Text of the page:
Windows 95

Aug 31, 2009

Windows 95 was released on the 24th of August, 1995, and it was so advertised that even consumers without a home computer bought copies of the program. Code-named Chicago, Windows 95 was thought to be very user-friendly, being a consumer-oriented graphical user interface-based operating system. In included an integrated TCP/IP stack, dial-up networking and long filename support. It was also the first version of Windows that did not require MS-DOS to be installed beforehand.

Featuring significant improvements over its predecessor, Windows 3.1, which were most visible in the GUI design, whose basic format and structure are still used in later version such as Vista, the Windows 95 was intended to integrate Microsoft's formerly separate MS-DOS and Windows products, but included instead an enhanced version of DOS, often referred to as MS-DOS 7.0. The developers also made changes regarding the underlying workings, including support for 255 character mixed case long filenames and preemptively multitasked protected mode 32 bit applications. Unlike its predecessors which used only optional "operating environments", which required MS-DOS as an operating system that was only available separately. Windows 95 was a consolidated operating system, which meant a significant market change.

Speaking of markets, Windows 95 was an unqualified success, and in no more than a year since its release it became the most successful operating system ever produced. It also had the effect of driving other major players in the DOS-compatible operating system out of business, something which would later be used in court against Microsoft.
Windows 95 originally shipped without Internet Explorer, because at its release date only IE 1.0 was available just as a part of the Plus! Add-on pack for Windows 95, which was a separate product that did not reach as many consumers as the OS itself. At the time Windows 95 was released, the web was being browsed mainly with a variety of early web browsers such as Netscape. Windows 95 OEM Service release 1 was the first release of Windows to include Internet Explorer, under the code name O'Hare, with the operating system, including version 2.0.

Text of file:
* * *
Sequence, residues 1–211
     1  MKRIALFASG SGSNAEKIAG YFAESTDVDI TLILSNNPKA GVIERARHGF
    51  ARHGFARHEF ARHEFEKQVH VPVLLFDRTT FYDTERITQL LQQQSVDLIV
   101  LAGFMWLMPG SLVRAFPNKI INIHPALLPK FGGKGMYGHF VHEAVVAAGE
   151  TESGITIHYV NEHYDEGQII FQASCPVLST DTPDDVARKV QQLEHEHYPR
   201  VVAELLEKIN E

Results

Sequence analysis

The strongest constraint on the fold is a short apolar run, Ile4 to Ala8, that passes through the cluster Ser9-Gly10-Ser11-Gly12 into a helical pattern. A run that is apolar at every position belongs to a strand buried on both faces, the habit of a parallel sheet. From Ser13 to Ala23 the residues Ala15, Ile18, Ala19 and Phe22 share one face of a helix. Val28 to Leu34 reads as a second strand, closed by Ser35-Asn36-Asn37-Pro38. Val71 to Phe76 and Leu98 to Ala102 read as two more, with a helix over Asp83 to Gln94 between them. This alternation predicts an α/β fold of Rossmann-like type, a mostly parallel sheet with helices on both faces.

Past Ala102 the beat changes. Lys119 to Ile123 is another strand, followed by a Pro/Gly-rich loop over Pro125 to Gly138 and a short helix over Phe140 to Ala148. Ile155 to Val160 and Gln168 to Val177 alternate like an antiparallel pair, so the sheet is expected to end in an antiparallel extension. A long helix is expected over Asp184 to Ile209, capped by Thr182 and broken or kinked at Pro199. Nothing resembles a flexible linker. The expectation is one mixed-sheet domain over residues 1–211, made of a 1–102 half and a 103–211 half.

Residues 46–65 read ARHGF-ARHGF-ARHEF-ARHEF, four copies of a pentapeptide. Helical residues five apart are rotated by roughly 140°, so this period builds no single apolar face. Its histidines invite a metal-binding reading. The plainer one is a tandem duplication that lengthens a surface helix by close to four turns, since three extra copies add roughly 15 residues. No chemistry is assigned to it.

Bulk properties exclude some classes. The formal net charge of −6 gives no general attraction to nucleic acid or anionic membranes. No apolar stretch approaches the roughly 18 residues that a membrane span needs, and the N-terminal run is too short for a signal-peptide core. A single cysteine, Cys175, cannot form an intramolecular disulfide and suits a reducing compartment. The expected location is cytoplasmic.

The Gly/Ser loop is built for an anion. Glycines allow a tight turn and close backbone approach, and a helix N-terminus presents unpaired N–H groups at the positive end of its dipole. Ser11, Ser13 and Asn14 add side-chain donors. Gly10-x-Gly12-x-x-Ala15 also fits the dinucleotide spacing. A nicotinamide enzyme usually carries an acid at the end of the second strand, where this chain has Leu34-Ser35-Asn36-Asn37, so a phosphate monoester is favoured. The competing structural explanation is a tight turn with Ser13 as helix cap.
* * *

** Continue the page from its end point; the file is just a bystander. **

Windows 95 advertised the introduction of the Start button and taskbar to Microsoft's GUI, both of which have remained features of all subsequent versions of Windows. Windows 95 went out with a bang. Everyone knew about it. Microsoft even pulled out a commercial featuring the Rolling Stones song "Start me up" (a reference to the Start button). There was also a rumor that Microsoft paid Rolling Stones up to $14 million for the use of the song, but Microsoft officials stated that this was only a strategy build up by the Stones to increase their market value and that they only paid a fraction of the amount. Nonetheless, Microsoft also paid for a 30 minute promotional video, labeled a "cyber sitcom", featuring Jennifer Aniston and Matthew Perry to show off the features of Windows 95. The advertising campaign was worth $3 million dollars, and it featured tons of people waiting in line outside stores to get a copy. In UK, PC World, the largest computer chain, received a large number of oversized Windows 95 computer boxes, posters and sale material, and many branches opened at mid night to sell the first copies of the product but the customers were far fewer in number than otherwise suggested in the publicity. Also, in UK Microsoft paid for 1,5 million copies of The Times newspaper to be hand out for free on the day of the release. In New York City, the Empire State Building was lit to match the colors of the Windows logo.

Next articles in this series:

1. The beginnings
2. First steps in operating systems
3. Windows 1.0
4. Windows 2.0
5. Windows 3.0
6. Windows 95
7. Windows 98
8. Windows Me
9. Windows 2000
10. Windows XP
11. Windows Vista
12. Windows 7
13. Windows 8